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About the Production
It required a certain amount of Googliness on the part of Levy and production designer Tom Meyer to reimagine a world where innovation intersects with fun and purpose. "We scouted Google a number of times. It's quirky, idyllic, strange, and very specific," says Levy. "But, it was clear to us that there's no way the production could shoot at Google for an entire month and a half, because they're an ongoing business. So we needed to find a way to replicate Google in Atlanta, which I initially thought would be impossible."

"Then Tom Meyer stumbled on Georgia Tech, which has an architecturally progressive, whimsical style," Levy continues. "It gave us a beautiful shell, with an aesthetic that was similar enough to Google that our furniture and design elements from Google -- including [signature Google accoutrements] like the slide, the SpaceShip One replica, and assorted and plentiful pillows and cushions, completed the transformation."

"I think the result is pretty seamless. You can't tell what we shot at Google and what we shot at Georgia Tech."

But infrastructure alone does not a Google campus make. "When you go to Google, the most important thing that you take away from it is its non-traditional aspect and out of the box thinking," says Meyer. "Google reps said to me when I was trying to recreate it, 'Do it, but keep the spirit of what Google is about.'"

"For each one of the sets we did a photo-real illustration, or a model, or both, then sent it off to Google, and had conversations back and forth," adds Meyer. "I tried to capture that feeling that you take away when you're an employee or visitor there. There's a huge sense of playfulness. And the idea of a healthy body and mind is central to Google."

Meyer says it was imperative that the transformation of Georgia Tech to "Google" yield an authentically immersive experience that reflected Google's mystique. "What we tried to do is take the raw space of the building, which is a beautiful blank slate and then give it that Google ID -- the color, furniture and objects, like the two thousand pound SpaceShip One replica that hangs from the five story atrium ceiling, and a two hundred and seventy degree circle slide, two and a half stories tall," says Meyer. "Those are the things that give Google its unique and playful feel."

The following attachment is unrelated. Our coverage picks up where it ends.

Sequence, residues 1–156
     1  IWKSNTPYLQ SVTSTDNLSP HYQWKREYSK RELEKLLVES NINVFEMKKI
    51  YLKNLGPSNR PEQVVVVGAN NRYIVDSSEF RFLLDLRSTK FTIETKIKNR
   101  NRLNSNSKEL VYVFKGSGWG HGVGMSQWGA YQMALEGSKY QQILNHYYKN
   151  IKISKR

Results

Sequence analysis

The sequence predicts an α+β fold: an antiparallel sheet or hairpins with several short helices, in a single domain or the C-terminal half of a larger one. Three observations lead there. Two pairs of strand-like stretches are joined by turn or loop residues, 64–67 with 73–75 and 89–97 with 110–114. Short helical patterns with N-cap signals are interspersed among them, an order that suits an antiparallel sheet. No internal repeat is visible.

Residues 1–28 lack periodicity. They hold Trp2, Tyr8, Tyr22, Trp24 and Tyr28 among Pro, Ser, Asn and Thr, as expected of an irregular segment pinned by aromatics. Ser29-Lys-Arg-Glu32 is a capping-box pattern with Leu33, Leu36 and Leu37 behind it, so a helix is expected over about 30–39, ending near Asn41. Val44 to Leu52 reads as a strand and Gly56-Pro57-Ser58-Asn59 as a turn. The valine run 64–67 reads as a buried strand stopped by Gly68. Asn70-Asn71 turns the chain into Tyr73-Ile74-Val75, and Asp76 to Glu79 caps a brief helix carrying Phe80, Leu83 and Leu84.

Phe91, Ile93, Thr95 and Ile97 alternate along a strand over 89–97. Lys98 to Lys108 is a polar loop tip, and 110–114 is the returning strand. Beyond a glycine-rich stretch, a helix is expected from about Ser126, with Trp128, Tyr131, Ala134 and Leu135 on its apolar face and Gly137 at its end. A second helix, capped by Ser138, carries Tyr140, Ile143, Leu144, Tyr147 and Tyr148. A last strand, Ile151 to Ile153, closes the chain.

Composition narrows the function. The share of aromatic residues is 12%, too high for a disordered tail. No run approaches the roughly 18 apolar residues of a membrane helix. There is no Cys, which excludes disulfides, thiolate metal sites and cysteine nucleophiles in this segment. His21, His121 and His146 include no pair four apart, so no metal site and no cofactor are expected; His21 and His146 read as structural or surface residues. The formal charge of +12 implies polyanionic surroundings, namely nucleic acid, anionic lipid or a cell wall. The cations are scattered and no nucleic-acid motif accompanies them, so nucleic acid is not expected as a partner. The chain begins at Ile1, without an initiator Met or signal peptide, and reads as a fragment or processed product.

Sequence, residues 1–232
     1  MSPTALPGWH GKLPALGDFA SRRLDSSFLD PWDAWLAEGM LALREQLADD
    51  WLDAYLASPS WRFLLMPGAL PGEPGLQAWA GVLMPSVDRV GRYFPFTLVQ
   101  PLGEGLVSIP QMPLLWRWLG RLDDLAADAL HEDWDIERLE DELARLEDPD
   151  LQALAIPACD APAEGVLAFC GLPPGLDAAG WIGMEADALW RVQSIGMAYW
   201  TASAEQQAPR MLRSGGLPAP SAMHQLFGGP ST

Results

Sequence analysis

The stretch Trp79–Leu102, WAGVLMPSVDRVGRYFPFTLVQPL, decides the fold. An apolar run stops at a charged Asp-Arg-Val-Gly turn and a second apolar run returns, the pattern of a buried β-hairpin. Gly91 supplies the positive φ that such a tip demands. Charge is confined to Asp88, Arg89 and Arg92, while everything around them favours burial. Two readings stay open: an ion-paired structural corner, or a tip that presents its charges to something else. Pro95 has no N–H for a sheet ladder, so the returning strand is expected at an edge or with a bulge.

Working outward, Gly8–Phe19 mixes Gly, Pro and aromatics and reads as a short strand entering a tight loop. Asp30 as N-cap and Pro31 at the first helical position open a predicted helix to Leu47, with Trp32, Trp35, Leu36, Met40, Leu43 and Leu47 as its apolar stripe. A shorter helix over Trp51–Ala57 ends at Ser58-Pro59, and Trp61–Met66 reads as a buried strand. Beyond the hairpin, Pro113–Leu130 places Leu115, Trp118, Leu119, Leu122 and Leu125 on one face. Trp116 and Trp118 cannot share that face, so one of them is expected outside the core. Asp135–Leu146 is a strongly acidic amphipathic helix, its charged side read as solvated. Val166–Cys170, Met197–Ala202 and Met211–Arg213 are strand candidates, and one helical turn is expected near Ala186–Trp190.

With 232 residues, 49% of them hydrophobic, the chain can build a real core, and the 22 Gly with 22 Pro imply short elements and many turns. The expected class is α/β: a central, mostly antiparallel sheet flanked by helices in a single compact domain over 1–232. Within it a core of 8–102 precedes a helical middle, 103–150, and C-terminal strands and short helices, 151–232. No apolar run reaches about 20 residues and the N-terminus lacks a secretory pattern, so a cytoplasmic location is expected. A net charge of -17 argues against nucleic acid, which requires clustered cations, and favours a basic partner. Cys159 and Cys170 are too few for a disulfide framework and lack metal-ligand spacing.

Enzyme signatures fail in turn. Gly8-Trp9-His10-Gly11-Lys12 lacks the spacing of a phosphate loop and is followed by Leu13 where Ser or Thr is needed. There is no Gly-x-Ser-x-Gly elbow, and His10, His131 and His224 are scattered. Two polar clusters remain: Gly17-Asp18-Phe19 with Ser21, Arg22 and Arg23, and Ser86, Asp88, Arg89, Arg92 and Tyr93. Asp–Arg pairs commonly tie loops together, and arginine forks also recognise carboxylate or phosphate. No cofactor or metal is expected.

"This isn't Owen and Vince being interns at Corporate Office Number 5. This is Google; this is Oz," adds Meyer. "So, the film starts off in the first act at a normal, almost retro-office environment, which we call Kansas [as in the "Wizard of Oz" setting], our black and white atmosphere. And then, when you go to Google, you hit those primary colors, the clean glass, white walls, and wacky, crazy objects, which provided a real sense of a pop and wonder.'"

Ultimately, THE INTERNSHIP's Googliness is that it's not just about life at Google. "It's about every one of us who'd like to believe that another shot is possible, that another kind of chapter in the story of you is possible," says Levy. "I don't know anyone who doesn't relate to that; whether you're 16, 22, or 40, we all want to believe that we can change our lives -- that it's never too late. And so, the movie is really about possibility."

In other words, we must dare to search.

Billy and Nick remind us that the best is yet to come, and that old dogs are capable of learning new tricks. With guts, grit and Googliness, everyone has a chance. So, dream big, dream again, dream some more. Because the world loves second acts.


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